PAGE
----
Niue’s remoteness, as well as cultural and linguistic differences between its Polynesian inhabitants and those of the rest of the Cook Islands, have led to it being separately administered. The population of the island continues to drop (from a peak of 5,200 in 1966 to about 2,100 in 2002 and about 1,200 in 2011) with substantial emigration to New Zealand and Australia. It is self-governing in free association with New Zealand since 1974, with Niue fully responsible for domestic affairs, and New Zealand asked to retain responsibility for foreign affairs and defence.
From the sea approaches Niue is flat with its cliff faces resembling a large ‘Swiss cheese’ composed of coral limestone rock peppered with caves, hidden caverns and chasms, buried grottoes and other subterranean natural fissures that are yet to be discovered and developed into tourist attractions.
The island is approximately 73km in circumference with two distinct terraces. The upper terrace, 60m high at its highest point, slopes steeply to a 0.5m coastal terrace ending with high cliffs, some over 20m above sea level. A rugged fringing reef, which in places over 100m wide, surrounds the island.
Steep limestone cliffs along coast, central plateau. Unlike most Pacific islands, there are no long, white sandy beaches, only tiny, secluded, white sand beaches that might be yours for the whole day.
Time difference from mainland New Zealand
You need to cross the Dateline (west to east) on travelling from Mainland New Zealand to Niue, so the country is as much as 23 hours behind the mainland (winter) and 24h (the whole day) behind in the summer time. So be careful about the date when you communicate between Niue and Mainland New Zealand, because Auckland is one day ahead of Niue.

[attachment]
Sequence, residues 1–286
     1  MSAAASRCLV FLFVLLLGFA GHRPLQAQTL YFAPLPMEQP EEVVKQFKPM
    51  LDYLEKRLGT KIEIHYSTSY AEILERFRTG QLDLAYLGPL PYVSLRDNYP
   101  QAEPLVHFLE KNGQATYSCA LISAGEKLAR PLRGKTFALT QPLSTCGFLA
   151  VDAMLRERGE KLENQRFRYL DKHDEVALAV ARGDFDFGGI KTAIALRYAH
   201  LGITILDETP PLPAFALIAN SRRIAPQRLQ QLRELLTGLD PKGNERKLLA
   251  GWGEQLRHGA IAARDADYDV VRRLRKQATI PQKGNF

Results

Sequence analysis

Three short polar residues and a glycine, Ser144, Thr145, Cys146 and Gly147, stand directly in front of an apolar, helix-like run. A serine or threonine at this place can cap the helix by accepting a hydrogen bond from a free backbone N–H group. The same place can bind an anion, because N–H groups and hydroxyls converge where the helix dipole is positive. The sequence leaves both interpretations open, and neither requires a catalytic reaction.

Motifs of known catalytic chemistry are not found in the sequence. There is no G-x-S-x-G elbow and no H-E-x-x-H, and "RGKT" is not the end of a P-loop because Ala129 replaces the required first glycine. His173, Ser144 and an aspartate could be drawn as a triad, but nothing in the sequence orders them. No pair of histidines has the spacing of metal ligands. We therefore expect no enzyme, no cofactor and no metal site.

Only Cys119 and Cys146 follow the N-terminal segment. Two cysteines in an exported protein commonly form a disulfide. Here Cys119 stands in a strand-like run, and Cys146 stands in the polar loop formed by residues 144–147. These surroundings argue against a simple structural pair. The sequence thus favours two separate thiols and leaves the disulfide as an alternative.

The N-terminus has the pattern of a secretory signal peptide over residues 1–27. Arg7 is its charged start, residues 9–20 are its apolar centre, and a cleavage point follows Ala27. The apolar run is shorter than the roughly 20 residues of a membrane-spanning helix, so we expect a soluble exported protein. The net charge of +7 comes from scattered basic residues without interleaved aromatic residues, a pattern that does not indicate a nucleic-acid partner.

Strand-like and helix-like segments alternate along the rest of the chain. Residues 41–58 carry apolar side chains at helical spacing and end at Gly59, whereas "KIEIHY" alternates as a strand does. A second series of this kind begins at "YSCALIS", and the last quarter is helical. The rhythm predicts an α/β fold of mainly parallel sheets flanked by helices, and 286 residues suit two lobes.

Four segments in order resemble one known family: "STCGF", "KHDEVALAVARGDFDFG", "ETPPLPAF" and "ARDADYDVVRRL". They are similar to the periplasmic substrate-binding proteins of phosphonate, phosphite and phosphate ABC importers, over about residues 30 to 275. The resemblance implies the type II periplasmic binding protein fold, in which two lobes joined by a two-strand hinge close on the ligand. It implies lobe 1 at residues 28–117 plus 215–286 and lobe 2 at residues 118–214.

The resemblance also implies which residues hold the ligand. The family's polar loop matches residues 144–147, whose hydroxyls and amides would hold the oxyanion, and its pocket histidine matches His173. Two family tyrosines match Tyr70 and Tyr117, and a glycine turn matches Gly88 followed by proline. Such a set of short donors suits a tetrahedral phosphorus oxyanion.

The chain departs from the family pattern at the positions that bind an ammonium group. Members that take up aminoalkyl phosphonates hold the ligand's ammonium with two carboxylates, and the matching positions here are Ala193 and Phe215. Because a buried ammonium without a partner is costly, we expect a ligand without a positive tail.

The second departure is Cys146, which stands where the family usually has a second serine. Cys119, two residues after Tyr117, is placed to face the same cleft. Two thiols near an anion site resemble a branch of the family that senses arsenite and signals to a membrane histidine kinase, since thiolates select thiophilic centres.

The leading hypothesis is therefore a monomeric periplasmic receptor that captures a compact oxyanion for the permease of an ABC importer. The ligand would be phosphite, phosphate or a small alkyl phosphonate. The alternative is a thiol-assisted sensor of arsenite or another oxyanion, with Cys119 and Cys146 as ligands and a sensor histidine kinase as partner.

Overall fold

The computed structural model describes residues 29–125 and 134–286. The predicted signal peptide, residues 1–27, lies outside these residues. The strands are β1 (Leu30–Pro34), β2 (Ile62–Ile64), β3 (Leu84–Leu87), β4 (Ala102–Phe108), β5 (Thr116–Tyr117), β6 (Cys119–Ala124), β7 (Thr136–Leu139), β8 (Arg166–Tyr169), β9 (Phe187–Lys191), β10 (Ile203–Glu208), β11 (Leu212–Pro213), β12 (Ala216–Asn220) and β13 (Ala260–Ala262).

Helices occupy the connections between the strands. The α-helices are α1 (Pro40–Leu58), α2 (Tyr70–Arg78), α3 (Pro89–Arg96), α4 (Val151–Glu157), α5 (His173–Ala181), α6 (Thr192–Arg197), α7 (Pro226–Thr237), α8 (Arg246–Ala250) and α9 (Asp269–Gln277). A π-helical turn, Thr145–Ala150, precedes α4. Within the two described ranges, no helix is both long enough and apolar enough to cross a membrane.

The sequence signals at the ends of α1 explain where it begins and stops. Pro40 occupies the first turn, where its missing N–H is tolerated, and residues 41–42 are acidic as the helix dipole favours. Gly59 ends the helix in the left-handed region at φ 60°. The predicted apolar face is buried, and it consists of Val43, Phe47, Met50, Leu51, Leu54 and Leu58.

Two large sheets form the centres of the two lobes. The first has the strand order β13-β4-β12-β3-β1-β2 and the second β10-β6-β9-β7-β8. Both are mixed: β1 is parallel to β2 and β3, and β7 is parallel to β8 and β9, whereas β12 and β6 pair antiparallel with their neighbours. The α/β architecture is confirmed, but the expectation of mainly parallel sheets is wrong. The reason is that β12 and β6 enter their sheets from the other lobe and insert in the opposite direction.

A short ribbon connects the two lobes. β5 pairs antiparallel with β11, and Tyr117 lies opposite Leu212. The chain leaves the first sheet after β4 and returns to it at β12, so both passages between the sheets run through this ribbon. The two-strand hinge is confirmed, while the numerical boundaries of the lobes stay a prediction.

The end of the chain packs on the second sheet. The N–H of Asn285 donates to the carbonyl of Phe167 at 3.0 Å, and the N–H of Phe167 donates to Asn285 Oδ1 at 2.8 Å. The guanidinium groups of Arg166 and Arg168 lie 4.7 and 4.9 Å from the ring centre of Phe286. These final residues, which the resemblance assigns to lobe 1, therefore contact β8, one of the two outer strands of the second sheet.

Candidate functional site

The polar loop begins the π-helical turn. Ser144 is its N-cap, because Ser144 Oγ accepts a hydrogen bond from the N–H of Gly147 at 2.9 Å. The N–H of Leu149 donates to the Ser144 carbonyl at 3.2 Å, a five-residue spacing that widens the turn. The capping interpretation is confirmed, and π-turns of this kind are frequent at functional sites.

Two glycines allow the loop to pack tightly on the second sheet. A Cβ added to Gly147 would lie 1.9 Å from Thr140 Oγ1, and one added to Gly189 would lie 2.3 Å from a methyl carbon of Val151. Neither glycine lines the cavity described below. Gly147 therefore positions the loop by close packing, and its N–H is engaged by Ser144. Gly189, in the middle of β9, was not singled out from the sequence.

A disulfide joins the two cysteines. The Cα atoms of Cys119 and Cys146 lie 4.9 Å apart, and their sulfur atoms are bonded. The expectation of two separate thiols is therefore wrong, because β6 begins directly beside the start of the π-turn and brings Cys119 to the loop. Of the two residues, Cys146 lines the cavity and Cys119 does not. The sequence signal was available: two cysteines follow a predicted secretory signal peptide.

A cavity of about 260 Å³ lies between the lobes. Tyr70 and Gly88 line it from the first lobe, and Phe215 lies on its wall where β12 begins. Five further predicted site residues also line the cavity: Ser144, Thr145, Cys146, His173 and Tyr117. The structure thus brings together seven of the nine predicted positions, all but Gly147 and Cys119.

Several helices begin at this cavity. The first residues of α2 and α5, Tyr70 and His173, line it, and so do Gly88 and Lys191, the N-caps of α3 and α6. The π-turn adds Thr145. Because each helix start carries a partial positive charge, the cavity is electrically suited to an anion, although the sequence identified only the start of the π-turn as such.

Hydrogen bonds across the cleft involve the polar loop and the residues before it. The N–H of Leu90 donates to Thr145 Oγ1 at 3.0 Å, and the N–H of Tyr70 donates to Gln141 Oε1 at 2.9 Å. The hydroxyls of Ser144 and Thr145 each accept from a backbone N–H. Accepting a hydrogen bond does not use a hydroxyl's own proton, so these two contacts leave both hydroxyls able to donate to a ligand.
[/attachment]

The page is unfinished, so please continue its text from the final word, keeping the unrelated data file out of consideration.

Tropical; modified by southeast trade winds. The average daytime temperature is 27°C from May to October and 30°C from November to April. December to March is the cyclone season
Time & Date: GMT -11
Niue, a country in free association with New Zealand, uses two official legal tender currencies. While they use the New Zealand dollar, the government also issues legal tender coins using the Niue dollar for collector’s purposes.
Before the creation of the New Zealand dollar, Niue was a user of the pound sterling and the very early commemorative coins of Niue were in pound or shilling increments.
Niue first began issuing coins in 1966. These have been mostly bullion and non-circulating base metal commemorative issues. They are acceptable as legal tender within Niue, though unlikely to be found anywhere on the island.
Niuean /njuːˈeɪən/ (Niuean: ko e vagahau Niuē) is a Polynesian language, belonging to the Malayo-Polynesian subgroup of the Austronesian languages. It is most closely related to Tongan and slightly more distantly to other Polynesian languages such as Māori, Sāmoan, and Hawaiian. Together, Tongan and Niuean form the Tongic subgroup of the Polynesian languages. Niuean also has a number of influences from Samoan and Eastern Polynesian languages.
When buying your travel insurance, always check the small print – some policies specifically exclude ‘dangerous activities’, which could be anything from scuba diving to horse riding. You should check whether the medical coverage is on a pay first, claim later basis and, more importantly, ensure that your medical coverage includes the cost of medical evacuation.
Entry Visa. Not required by bona fide tourists staying less than 30 days with return or onward tickets and sufficient funds for length of stay. Extensions are available by applying to the Immigration Office before arrival
Niue International Airport
Currency: New Zealand Dollar
Official languages: Niue and English